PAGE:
Cancer: Using Your Immune System to fight the Disease
Newest Cancer Treatment: Immunotherapy
Some of the most promising advances in cancer research in recent years involve treatments known as immunotherapy. These advances have spurred billions of dollars in investment at leading universities around the world and hundreds of clinical trials. I have written some basic answers to questions about this complex and rapidly evolving field.
What is immunotherapy?
Immunotherapy refers to any treatment that uses the immune system to fight diseases, including cancer. Unlike chemotherapy, which kills cancer cells, immunotherapy acts on the cells of the immune system to help them attack the cancer cells.
What are the types of Immunotherapy?
Drugs called checkpoint inhibitors are the most widely used form of immunotherapy for cancer. They block a mechanism that cancer cells use to shut down the immune system. This frees killer T-cells—a critically important part of the immune system—to attack the tumour. Four checkpoint inhibitors have been approved by the United States Food and Drug Administration, two of them in Canada; have been approved for intravenous injection.
Another form of immunotherapy, called cell therapy, involves removing immune cells from the patient, altering them genetically to help them fight cancer, then multiplying them in the laboratory and dripping them, like a transfusion into the patient. This type of treatment is manufactured individually for each patient and is still experimental.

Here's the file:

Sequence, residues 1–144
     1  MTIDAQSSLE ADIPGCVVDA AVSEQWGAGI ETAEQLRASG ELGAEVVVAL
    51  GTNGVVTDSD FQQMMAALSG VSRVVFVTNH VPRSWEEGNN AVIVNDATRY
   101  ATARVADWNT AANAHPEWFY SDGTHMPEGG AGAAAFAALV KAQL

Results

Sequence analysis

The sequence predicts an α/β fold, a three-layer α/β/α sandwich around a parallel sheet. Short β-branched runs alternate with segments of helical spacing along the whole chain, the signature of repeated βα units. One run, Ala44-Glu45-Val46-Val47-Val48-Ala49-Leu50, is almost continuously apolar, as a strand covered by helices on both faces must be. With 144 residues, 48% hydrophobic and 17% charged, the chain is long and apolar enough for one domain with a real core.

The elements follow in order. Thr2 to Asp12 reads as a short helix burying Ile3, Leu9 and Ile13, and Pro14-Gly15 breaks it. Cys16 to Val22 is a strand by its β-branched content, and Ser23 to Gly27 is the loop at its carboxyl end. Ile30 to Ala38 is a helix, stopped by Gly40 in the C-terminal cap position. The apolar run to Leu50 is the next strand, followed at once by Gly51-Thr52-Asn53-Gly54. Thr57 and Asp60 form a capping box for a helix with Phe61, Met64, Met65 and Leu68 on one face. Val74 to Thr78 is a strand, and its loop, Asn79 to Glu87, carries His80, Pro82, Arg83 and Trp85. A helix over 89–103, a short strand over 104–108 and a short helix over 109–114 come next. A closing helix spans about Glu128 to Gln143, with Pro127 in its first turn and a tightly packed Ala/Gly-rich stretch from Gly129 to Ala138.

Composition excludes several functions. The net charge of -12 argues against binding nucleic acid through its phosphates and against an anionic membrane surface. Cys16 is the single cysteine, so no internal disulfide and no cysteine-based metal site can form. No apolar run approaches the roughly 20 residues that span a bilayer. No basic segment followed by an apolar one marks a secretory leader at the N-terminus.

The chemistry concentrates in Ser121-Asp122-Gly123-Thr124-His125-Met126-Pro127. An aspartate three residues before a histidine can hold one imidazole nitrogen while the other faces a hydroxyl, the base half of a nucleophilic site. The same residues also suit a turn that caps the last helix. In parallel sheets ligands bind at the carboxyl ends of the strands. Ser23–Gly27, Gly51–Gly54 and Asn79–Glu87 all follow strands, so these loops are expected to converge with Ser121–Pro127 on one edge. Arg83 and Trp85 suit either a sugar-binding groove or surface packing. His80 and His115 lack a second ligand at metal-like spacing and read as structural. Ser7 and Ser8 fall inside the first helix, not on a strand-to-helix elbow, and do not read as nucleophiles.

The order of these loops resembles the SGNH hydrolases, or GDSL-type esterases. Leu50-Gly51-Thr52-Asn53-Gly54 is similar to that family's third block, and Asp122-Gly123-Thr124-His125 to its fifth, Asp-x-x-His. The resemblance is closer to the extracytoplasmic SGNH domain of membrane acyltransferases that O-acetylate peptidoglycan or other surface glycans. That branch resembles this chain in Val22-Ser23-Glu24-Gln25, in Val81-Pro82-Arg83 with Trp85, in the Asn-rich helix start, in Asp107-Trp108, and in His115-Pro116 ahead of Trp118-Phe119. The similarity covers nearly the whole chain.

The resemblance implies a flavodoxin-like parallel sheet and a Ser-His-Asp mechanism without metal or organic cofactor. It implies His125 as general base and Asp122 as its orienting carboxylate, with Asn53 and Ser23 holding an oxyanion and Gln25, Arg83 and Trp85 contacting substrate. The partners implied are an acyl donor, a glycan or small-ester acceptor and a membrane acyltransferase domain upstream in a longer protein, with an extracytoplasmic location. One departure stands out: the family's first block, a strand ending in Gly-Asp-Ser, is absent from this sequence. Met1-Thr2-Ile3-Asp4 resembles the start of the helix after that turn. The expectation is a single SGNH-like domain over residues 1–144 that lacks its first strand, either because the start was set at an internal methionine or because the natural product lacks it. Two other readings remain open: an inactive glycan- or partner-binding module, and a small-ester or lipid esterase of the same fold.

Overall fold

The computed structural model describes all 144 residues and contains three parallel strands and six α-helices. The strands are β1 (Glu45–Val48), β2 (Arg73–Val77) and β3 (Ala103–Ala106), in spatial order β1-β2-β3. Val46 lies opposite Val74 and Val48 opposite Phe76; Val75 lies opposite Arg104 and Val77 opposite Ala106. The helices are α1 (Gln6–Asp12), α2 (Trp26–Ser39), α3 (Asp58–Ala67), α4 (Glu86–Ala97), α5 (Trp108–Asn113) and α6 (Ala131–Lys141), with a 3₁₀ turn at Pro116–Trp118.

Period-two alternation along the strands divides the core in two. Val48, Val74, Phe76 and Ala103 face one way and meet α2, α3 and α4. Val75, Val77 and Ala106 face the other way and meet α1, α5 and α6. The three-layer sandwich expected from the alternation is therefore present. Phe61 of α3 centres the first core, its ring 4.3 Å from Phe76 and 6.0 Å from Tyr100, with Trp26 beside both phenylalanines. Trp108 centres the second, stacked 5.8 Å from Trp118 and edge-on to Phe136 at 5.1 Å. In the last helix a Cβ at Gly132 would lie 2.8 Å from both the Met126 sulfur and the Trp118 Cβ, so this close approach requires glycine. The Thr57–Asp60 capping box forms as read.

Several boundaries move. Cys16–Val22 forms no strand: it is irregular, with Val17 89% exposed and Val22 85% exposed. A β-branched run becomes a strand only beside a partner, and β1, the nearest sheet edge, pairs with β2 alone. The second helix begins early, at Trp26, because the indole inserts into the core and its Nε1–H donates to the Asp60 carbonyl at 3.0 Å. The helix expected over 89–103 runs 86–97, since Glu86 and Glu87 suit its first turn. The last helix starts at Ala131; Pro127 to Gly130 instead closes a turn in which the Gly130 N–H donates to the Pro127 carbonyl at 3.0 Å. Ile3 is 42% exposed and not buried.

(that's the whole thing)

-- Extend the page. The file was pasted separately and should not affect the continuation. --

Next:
Bispecific antibodies are an alternative to cell therapy, one that does not require individualized treatment for each patient. These antibodies are proteins that can attach to both a cancer cell and a T-cell, that way bringing them close together so the T-cell can attack the cancer. One drug of this nature has been approved to fight leukemia.
A very new method is the use of the Polio vaccine which is being done at Duke University in North Carolina. Glioblastoma brain tumours are injected with a genetically modified form of the polio virus. Under normal circumstances your body’s immune system will not attack cancer cells because they are simply normal cells that will not die. However, once the tumour is injected with the polio virus, the cells start to attack and destroy the tumour. This is the type of cancer that is killing Gord Downie from the Tragically Hip and hopefully his neurosurgeon will let him try the treatment. So far it has had a huge success rate with a very small group of patients.
The only vaccine approved specifically to treat cancer is Provenge, for prostate cancer. Another vaccine that was used to treat tuberculosis has been used for a long time to treat bladder cancer. The theory is the same. Infect the tumour and the immune system will activate to destroy the cancerous cells.
Which types of cancer are treated with immunotherapy?